Combat Spine Practice Regulatory Burden: Core Concepts to Optimize Efficiency

Written by Laura Dyrda | April 17, 2014 | Print  |

Richard KubeOne of the biggest challenges for private practice spine surgeons is the growing regulatory burden placed on physicians. Increased documentation makes it difficult to operate the practice efficiently, and the additional documentation does little to improve patient care.

"We are keeping the bean counters happy," says Peoria, Ill.-based Prairie Spine & Pain Institute Co-Founder Richard A. Kube II, MD. "The documentation requirements are a real challenge to maintaining efficiency because we are distracted by things that aren't pertaining to the care of the patient. If there's one thing that's been an issue of irritation and disappointment over the past few years, it's been the additional documentation needlessly sucking up my time."

 

The additional time spent on documentation means that physicians are looking for ways to operate their practices even more efficiently. The key concepts for maintaining a well-run practice include:

 

•    Good staff hires who can work efficiently
•    Communication about staff expectations
•    Rigorous staff training manuals and workflows
•    Physician involvement in practice processes

 

"Well-educated and well-trained staff are essential," says Dr. Kube. "True physician involvement and understanding of what goes into the entire process is crucial, and then appropriate managers who can really stay on top of things and provide constant feedback and troubleshooting ensures the practice maintains the best efficiencies possible."

 

Process standardization
The best way Dr. Kube has found to combat the increasing documentation and inefficiency is process standardization. For example, instead of developing different patient intake forms for each physician, his group agreed on one form that everyone is comfortable with.

 

"There is always influx in the staff, but with the standard forms new staff members are easily trained and have a consistent idea of what is expected of them," says Dr. Kube. "They know what information they need to obtain and we automate much of that intake as well. If you are able to automate, you become a lot more efficient."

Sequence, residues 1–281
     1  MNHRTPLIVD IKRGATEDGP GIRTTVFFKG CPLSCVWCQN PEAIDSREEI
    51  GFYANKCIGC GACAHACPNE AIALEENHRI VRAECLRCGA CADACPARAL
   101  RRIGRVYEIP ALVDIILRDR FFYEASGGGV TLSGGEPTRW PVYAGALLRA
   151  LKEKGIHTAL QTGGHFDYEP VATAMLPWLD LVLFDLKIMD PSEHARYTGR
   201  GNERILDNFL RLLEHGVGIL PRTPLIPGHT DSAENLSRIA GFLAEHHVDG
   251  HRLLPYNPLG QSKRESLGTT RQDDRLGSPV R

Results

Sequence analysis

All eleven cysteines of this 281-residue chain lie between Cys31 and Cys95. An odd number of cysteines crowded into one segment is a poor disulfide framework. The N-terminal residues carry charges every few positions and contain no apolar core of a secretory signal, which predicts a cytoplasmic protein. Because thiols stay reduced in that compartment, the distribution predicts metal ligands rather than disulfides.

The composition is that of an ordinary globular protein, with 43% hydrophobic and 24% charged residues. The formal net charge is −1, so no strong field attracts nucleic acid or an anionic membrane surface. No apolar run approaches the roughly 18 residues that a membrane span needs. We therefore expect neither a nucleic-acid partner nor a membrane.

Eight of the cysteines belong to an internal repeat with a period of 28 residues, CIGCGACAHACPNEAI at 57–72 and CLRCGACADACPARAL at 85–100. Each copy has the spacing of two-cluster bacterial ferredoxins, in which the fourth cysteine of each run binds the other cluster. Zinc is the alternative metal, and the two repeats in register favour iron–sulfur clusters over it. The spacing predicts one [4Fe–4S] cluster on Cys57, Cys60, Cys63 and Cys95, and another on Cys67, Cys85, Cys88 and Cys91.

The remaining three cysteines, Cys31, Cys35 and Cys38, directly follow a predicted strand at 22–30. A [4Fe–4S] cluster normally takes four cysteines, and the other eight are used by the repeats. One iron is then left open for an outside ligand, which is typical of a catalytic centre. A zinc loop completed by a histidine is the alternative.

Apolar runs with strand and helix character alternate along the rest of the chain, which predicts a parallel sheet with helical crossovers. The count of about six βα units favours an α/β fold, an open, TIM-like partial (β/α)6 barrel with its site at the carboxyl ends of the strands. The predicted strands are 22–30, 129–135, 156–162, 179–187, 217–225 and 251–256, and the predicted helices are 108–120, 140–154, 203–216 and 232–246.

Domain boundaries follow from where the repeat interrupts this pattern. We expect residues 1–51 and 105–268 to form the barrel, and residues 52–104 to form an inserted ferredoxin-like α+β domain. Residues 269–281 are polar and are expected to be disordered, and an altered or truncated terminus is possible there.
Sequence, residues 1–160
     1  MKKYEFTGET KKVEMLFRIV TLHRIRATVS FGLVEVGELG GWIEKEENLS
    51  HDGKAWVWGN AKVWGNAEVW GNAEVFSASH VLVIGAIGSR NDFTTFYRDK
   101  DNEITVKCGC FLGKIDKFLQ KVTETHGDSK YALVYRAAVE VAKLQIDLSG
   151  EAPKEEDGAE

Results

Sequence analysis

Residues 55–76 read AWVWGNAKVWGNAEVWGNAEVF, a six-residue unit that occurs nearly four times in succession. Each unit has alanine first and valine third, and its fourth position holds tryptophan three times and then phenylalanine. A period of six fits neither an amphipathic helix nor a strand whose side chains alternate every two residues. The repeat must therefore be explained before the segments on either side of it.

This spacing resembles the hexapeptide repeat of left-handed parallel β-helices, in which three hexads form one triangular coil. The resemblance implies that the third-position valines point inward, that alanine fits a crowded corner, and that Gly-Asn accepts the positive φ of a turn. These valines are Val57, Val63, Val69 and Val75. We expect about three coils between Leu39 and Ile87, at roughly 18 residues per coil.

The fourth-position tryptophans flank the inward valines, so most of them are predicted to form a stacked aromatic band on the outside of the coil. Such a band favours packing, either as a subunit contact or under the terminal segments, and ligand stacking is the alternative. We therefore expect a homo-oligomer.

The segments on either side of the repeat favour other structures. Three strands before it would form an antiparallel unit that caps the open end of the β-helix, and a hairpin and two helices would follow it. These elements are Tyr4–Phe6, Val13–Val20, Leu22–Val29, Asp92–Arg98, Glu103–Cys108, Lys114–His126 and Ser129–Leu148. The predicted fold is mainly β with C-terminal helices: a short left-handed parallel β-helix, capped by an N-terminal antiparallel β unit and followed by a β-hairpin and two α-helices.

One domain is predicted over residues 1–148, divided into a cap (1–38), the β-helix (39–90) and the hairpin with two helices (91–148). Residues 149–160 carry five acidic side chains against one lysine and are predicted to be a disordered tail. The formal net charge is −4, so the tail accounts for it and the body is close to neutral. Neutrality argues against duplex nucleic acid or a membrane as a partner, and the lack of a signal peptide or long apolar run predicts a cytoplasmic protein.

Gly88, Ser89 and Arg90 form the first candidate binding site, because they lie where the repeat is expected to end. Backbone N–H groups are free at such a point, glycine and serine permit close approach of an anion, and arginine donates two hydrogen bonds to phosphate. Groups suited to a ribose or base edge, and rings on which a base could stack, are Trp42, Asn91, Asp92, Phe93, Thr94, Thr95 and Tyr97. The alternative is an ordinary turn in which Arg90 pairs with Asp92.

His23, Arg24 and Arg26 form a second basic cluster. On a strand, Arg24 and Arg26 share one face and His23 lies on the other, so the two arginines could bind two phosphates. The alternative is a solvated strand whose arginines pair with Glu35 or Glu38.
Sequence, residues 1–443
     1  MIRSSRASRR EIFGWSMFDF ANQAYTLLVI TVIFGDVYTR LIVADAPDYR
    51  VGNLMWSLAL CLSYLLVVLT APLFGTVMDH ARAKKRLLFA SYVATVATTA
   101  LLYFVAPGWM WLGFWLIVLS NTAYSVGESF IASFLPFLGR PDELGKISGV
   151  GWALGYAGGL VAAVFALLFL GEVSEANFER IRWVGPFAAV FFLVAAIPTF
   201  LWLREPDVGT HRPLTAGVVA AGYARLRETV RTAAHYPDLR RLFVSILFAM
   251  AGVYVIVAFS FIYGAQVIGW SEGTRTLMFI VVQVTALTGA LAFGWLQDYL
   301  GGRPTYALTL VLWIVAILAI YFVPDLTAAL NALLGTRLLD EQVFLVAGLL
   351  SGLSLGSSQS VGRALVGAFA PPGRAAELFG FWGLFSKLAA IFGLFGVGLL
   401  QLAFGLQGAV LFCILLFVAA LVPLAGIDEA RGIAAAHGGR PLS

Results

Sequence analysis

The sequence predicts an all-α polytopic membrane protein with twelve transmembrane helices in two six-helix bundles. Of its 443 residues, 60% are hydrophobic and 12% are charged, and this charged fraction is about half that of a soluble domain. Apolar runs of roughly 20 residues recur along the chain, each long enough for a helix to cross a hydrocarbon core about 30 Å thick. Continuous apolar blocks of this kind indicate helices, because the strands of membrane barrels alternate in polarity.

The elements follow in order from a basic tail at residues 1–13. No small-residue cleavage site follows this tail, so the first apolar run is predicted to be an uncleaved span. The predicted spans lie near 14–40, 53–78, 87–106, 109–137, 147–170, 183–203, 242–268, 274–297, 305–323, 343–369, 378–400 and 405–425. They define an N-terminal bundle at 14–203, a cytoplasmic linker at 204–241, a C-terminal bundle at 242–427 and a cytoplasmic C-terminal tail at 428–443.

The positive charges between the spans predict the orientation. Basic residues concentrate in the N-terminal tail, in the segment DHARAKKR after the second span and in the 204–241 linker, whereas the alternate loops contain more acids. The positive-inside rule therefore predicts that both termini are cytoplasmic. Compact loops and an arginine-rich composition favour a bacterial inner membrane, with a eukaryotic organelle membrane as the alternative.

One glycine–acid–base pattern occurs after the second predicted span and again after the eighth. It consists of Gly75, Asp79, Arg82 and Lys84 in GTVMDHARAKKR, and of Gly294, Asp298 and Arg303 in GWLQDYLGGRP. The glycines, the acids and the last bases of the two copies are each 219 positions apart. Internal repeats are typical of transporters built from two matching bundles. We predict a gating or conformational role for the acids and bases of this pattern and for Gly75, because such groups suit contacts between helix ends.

Practices lose efficiency when information is missing from patient forms because they must backtrack to retrieve it before moving forward with care. Checklists at the front desk ensure you have all the necessary items for every patients before their visit, shoring up back-end inefficiencies.

 

"If you are regularly obtaining these things at the front desk you can save a lot of time with just your clinical staff knowing when they pick up the data set it's complete and they know what's going on with the patient instead of having multiple people asking patients the same questions over and over again," says Dr. Kube.

 

Patient scheduling
Patient wait times are another important area for spine practices. Whenever possible, move patients through efficiently so there aren't delays forcing patients to wait for long periods of time.

 

"Wait times, unfortunately, to some degree are always going to be a necessary evil, but if you have physicians who are in touch with the realistic time it takes for them to work with their patients, you can minimize that," says Dr. Kube. "I don't really follow a set schedule with patients every 10 to 15 minutes, and I have some slots double-booked with others that are blank to catch up. Over time we've learned how to estimate the number of people who might need films, number of no-shows and those with ultra complex problems so we can stagger their visits accordingly."

 

At the beginning of the day, Dr. Kube typically schedules a new and follow-up patient for the first time slot. The new patient spends time completing paper work and may need an X-ray, so Dr. Kube sees the follow-up patient first; after that visit, the new patient is typically ready to go.

 

"It helps to make sure there is always an actionable thing happening to each patient," says Dr. Kube. "If something is happening — if they are filling out paperwork — they don't feel like they're just waiting. We also installed televisions in the lobby and exam rooms so there are always things they can do."

 

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